About Us

Charles Scawthorn, SE, D.Eng.

Academic background: Professor, Kyoto University (ret); D.Eng., Kyoto University, Japan; M.S.C.E., Lehigh University, PA; Bach. Engineering, The Cooper Union, NY.

Charles Scawthorn has 35 years of experience assessing risk and developing integrated mitigation programs for natural and technological hazards worldwide. Clients include FEMA, OES, the World Bank, Global 1000 corporations and insurance companies.

From 1998 to 2003 he led technical development of the US national Flood Loss Estimation Model (HAZUS) for FEMA, and is widely recognized for the development of methods for rapid risk analysis of buildings (FEMA 154), seismic vulnerability assessment of US national infrastructure (FEMA 224), stochastic models of fires following earthquakes, models for optimizing urban land use with respect to natural hazards risk, general loss estimation models for earthquake, wind and flood, and seismically reinforcing low-strength masonry buildings.
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Keith Porter PE PhD

Keith Porter, PE, PhD

Dr. Porter is a professional engineer, principal of the Denver applied research firm SPA Risk, and adjoint professor at University of Colorado Boulder. He helps nations, communities, and corporations improve their disaster
resilience. He led the Natural Hazard Mitigation Saves studies for FEMA and others that found that disaster mitigation avoids up to $13 in losses per $1 of cost. He led the USGS’ engineering research on four groundbreaking disaster planning scenarios: ShakeOut, ARkStorm, Tsunami, and HayWired. He led the safety assessment of San Francisco’s soft-story residential buildings for the Community Action Plan for Seismic Safety (CAPSS).



These projects make a difference. Thanks to ShakeOut, 1% of the world’s population annually prepares for earthquakes. LADWP is making its water transmission and distribution system far more resilient. And much of Los Angeles’ critical infrastructure and most dangerous buildings are being improved. Partly because of HayWired, water districts are better addressing risk from brittle pipe. California is considering code improvements that will make its new buildings substantially stronger, stiffer, and more likely to be functional immediately after an earthquake. Colorado is increasing its corps of trained post-disaster building safety evaluators. And thanks to CAPSS, 2,000 vulnerable woodframe buildings in San Francisco are being strengthened against an inevitable future earthquake. His doctoral research led the way for FEMA’s revolutionary performance-based seismic design guideline FEMA P-58, which has become the engineering profession’s new paradigm for performance-based engineering.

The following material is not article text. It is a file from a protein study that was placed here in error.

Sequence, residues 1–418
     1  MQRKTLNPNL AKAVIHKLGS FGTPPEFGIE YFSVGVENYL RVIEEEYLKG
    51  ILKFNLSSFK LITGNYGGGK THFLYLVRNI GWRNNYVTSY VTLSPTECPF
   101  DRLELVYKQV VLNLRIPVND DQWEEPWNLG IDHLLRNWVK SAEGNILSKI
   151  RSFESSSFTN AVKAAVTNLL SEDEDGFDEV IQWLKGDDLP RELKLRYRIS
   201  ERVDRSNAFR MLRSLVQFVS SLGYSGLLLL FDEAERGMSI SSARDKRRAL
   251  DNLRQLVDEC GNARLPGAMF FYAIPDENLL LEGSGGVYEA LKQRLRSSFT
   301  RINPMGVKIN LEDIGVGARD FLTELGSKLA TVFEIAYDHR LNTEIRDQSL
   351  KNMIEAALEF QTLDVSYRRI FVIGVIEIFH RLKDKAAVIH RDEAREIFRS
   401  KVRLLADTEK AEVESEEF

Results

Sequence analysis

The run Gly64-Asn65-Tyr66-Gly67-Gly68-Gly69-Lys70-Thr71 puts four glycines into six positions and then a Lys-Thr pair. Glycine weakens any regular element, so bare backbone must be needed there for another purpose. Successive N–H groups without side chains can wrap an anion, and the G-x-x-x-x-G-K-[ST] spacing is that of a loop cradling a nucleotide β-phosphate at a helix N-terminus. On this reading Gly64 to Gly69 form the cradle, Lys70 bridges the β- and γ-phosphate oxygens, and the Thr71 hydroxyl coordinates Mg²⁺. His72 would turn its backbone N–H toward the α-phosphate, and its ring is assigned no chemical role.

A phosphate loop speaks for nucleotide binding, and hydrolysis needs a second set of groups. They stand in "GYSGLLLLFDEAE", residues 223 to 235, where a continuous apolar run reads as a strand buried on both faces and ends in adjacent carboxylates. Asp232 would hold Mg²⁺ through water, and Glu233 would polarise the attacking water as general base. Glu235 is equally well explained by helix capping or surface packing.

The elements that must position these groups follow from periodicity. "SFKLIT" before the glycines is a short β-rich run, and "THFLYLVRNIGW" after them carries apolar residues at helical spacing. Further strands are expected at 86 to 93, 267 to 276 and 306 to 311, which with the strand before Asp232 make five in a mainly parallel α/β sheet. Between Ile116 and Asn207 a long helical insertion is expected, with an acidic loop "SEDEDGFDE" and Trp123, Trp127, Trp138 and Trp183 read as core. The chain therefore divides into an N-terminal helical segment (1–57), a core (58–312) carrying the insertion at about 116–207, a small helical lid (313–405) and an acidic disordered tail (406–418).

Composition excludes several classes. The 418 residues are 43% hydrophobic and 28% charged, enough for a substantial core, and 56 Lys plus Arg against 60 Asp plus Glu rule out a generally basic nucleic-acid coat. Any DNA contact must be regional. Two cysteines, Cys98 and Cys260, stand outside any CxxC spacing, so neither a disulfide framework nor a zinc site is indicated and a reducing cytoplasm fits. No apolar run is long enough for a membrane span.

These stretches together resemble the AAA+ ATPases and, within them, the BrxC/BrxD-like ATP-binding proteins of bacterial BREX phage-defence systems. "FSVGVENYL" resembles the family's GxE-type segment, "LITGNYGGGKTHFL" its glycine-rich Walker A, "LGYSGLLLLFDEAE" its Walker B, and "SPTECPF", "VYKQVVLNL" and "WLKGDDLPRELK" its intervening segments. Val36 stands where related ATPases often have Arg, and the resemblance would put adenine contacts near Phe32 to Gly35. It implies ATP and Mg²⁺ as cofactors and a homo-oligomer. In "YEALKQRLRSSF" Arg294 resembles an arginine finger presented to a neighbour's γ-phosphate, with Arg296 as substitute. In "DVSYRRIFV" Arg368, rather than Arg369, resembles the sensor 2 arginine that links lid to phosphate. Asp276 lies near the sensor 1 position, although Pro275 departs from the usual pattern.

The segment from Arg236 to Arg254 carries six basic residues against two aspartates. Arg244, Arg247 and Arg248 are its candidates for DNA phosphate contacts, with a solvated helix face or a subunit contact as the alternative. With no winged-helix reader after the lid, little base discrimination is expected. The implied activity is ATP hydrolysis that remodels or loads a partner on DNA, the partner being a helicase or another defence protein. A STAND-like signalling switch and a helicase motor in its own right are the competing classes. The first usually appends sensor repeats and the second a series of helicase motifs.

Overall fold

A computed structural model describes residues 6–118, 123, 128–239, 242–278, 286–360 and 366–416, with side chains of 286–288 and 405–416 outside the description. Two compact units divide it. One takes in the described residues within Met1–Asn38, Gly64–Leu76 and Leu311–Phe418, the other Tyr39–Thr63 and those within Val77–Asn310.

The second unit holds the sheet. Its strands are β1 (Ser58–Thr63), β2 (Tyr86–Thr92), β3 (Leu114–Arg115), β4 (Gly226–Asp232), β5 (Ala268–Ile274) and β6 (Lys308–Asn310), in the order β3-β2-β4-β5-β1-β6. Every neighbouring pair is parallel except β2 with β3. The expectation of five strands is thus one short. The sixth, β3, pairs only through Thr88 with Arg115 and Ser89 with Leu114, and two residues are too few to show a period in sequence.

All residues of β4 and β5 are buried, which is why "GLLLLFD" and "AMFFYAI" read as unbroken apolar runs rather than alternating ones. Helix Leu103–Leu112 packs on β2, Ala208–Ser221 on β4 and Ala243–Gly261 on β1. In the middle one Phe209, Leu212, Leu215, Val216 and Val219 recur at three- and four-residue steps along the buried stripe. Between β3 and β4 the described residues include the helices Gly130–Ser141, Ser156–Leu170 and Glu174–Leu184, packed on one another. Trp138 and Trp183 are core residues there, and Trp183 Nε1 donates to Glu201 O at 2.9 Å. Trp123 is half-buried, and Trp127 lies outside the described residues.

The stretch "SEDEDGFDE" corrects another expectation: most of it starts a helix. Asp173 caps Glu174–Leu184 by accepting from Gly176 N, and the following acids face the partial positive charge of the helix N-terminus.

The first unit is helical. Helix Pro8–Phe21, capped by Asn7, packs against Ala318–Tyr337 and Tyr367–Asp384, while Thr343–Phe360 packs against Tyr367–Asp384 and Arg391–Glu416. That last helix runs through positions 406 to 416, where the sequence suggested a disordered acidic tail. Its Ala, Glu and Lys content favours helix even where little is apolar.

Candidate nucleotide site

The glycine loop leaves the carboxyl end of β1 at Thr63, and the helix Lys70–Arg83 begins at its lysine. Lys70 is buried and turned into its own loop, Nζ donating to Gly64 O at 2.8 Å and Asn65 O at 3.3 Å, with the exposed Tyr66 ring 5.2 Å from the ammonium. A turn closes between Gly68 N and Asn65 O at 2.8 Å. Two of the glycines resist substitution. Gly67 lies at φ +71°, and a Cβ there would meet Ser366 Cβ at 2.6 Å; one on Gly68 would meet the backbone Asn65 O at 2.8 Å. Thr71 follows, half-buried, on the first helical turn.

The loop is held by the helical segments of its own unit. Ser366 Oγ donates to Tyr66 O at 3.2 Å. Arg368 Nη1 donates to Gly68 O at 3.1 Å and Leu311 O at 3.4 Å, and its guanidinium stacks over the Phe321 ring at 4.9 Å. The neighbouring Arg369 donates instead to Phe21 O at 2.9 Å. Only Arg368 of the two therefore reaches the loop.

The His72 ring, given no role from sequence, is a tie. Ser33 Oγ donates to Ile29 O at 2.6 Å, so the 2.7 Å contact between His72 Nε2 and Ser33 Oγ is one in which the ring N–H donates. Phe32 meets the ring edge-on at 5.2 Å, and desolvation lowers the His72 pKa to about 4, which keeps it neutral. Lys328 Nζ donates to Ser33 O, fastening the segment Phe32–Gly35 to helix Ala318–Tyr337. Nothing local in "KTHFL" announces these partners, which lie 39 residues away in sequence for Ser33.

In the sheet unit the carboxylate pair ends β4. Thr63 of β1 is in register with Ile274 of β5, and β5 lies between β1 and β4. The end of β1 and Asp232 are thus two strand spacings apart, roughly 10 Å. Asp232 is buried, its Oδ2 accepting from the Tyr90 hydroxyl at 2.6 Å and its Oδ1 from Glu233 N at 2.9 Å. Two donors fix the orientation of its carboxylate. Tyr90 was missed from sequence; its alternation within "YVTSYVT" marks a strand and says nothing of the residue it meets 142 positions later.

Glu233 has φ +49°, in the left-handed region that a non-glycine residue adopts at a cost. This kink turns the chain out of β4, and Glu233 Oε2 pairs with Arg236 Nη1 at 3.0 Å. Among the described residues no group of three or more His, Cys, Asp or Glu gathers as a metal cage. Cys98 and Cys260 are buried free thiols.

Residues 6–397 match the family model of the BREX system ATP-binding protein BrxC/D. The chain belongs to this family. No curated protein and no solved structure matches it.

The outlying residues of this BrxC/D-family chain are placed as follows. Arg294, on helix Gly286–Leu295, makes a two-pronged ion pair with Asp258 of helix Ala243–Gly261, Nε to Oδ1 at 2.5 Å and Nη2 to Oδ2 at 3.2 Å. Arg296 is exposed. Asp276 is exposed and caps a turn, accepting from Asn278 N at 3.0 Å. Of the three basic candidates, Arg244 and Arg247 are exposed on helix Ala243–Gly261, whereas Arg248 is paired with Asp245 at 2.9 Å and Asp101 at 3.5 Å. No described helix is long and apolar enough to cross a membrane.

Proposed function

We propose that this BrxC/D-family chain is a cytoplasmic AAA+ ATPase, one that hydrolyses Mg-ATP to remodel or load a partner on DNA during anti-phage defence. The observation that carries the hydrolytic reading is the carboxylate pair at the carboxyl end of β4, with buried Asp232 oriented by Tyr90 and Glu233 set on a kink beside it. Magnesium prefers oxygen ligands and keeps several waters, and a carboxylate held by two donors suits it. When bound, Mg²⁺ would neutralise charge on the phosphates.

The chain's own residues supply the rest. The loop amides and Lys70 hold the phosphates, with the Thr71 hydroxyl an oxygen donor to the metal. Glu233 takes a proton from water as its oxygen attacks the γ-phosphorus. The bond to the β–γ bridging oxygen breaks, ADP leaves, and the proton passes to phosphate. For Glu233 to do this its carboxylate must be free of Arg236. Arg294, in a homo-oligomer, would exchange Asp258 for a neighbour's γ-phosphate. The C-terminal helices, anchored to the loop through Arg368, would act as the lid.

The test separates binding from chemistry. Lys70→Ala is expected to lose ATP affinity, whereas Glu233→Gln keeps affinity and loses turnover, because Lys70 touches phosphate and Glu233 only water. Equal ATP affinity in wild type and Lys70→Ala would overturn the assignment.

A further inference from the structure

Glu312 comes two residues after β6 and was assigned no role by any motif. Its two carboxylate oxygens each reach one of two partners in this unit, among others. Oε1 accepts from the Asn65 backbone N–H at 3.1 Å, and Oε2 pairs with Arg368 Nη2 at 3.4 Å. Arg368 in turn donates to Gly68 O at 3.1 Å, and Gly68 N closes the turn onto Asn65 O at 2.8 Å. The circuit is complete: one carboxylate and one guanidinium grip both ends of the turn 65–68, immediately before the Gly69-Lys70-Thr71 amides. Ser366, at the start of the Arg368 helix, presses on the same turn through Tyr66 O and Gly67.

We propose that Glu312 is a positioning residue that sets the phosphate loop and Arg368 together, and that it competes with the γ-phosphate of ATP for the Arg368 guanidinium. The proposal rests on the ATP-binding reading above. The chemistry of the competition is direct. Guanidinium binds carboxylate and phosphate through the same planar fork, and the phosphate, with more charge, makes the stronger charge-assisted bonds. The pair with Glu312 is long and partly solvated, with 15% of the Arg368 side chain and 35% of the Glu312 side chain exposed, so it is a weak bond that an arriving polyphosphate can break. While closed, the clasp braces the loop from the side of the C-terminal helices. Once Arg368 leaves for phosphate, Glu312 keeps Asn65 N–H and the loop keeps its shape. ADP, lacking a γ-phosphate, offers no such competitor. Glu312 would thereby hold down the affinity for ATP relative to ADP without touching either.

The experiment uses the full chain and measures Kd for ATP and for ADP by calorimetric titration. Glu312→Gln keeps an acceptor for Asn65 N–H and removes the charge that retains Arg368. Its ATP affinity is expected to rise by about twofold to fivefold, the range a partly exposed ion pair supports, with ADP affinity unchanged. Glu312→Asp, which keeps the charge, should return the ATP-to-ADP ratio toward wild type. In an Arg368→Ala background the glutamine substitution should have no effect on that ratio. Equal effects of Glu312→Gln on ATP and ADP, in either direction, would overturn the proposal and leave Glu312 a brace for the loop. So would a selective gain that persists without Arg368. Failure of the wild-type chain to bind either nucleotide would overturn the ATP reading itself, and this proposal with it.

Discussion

Dr. Porter continues to contribute to the engineering profession and to engineering scholarship. He is a fellow of the Structural Engineering Institute and of the American Society of Civil Engineers. He has written or co-authored 225 scholarly and professional works on natural-hazard risk management. He holds engineering degrees from UC Davis, UC Berkeley, and Stanford. Clients include FEMA, OES, USGS, SCEC, CEA, Global 1000 corporations and insurance companies.

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